Accuracy in the Hands of the Audience

It’s a world of contradictions. “The state of storytelling in the internet age” by Read This Thing, details the extremes in the current world of digital journalism. People believe what they read online while at the same time questioning the validity of the internet. Saying “I read it on the internet”, a phrase Read This Thing argues, is the same as stating it’s not true but Google is the first place people go to find something out. These divergences stem from the power of media distributors being eroded by advancements in technology. This has created a shift in influence in favour of the audience and their search for truth and accuracy.

This is not the first time that the infrastructure of information has been turned upside down. The Gutenberg Press had a similarly chaotic effect. Before it, the Catholic Church was the sole source of knowledge and truth, which is how it retained its power. With the invention of the printing press, the power structure was upset, because the Church was not the only informant. Suddenly, there was a way to mass communicate ideas, leading to an increase in sources of information. People could choose sources, which took power out of the Church’s hands and put in into the audience’s. It created the possibility of people getting their knowledge and perspective out to a broader community who were thus able to form a more accurate understanding of their world.

Today we can see a similar shift with audiences gaining power with the ability to choose their sources of information and create content of their own. Much like the revolution of the printing press, the World Wide Web is enabling people in the spread of knowledge. The internet has given people power that was formerly in the hands of media distributors. We can see the huge demographic of internet users tapping into that knowledge base to create a more accurate understanding of their world. Read This Thing agrees, hypothesizing how an article written by a journalist in Guam could become popular in Auckland, New Zealand by garnering thousands of views, people can access information that previously was not available. This is just one way the audience is more powerful than ever before.

Conversely the audience also has the ability to rip a story apart. People have new found strength in their ability identify errors in reporting and fact check. The ease and depth of information which they can draw from is unmatched and this is improving the accuracy of news. It has transformed the role of the audience into something more active: from sharing to commenting to fact checking, they are not just viewers they are participants. The increase in perspectives means stories are more rounded out, previously unreported view points are able to gain visibility. Creating a more comprehensive story because it paints a more accurate picture is therefore a more truthful one.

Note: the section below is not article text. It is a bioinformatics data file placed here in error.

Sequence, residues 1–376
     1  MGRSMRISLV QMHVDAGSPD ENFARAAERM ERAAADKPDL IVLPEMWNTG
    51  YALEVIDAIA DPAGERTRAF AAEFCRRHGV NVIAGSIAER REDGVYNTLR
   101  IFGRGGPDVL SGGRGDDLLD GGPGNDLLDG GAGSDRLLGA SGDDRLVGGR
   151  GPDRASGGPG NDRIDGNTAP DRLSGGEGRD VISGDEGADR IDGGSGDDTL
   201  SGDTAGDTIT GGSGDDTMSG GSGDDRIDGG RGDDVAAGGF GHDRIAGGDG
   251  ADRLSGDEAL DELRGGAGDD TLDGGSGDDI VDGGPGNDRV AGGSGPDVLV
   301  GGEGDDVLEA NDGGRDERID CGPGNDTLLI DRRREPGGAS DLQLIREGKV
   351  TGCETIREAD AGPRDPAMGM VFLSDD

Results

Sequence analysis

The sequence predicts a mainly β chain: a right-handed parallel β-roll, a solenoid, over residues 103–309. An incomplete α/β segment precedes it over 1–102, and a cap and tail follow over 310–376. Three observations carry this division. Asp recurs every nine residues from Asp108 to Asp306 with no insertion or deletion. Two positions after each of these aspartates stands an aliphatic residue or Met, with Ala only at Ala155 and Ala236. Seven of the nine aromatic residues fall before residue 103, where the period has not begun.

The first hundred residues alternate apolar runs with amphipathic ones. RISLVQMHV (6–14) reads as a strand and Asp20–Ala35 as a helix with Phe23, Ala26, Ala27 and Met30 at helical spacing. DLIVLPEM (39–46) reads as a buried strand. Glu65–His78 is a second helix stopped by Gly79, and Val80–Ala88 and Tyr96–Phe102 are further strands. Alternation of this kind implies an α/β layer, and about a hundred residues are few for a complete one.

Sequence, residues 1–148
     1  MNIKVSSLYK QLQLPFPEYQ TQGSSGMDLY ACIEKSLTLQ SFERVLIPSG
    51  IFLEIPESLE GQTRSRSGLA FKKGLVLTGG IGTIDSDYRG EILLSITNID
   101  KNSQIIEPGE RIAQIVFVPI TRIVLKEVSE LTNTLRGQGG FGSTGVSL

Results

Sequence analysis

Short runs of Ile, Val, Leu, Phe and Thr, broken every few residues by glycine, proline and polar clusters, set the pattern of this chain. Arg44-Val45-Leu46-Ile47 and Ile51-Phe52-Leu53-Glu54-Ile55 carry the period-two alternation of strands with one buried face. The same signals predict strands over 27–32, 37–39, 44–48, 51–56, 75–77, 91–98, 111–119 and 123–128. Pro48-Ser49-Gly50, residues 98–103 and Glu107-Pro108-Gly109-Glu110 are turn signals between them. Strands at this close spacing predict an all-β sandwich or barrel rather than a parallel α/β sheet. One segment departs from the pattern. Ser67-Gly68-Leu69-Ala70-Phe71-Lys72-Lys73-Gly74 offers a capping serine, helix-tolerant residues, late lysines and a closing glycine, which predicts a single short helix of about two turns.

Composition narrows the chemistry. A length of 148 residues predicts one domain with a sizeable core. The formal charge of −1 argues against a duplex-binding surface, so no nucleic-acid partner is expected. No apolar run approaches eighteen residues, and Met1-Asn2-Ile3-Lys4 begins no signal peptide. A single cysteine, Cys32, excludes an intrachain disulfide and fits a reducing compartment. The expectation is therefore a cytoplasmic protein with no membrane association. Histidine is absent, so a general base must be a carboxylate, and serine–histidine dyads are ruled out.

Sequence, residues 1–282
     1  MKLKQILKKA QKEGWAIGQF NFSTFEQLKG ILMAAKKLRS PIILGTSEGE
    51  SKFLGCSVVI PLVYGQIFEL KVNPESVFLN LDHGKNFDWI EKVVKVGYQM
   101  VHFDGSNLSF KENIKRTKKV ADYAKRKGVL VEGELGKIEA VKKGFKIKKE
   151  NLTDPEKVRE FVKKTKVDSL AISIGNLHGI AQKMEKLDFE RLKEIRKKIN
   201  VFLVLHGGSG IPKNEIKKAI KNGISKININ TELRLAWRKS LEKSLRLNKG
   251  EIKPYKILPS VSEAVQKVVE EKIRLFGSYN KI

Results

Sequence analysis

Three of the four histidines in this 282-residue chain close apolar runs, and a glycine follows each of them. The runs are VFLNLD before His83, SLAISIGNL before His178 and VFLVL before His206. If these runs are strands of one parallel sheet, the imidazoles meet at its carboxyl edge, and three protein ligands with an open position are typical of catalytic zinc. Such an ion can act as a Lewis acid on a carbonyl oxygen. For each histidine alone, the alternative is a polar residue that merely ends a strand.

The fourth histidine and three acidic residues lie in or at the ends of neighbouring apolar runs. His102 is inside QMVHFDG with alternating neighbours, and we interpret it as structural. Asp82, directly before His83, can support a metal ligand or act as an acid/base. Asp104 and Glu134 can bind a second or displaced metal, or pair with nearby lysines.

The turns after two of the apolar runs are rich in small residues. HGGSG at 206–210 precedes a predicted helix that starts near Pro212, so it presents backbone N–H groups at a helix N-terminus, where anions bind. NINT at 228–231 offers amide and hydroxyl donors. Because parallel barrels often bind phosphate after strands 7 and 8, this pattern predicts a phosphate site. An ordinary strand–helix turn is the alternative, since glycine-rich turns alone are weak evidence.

The increased emphasis being placed on the audience to be part of the journalism process applies to more than just the telling of stories. It includes censoring too. With the huge variety of sources and never-ending stream of media, the job of picking and choosing which stories to pay attention to has fallen on the audience. Previously, the job of editor entailed picking what was relevant and authentic. While this remains the case, the break down of the traditional top-down media structure allows audience members to get information directly from the source as well as choose the stories they like. This can be seen with people taking to Twitter to get facts straight from sources as they live report them. The increased power of the audience has placed them in the role of editor, sorting through the slew of digital information. Audiences can assemble their own truth from the abundant resources.

Increase in the availability of sources means that people are able to get a better sense of the truth. Meanwhile, the audience has gained the ability to fact check improving the accuracy of stories. With the audience becoming their own editors, the conclusions they come to are through their own means, creating an individual sense of truth.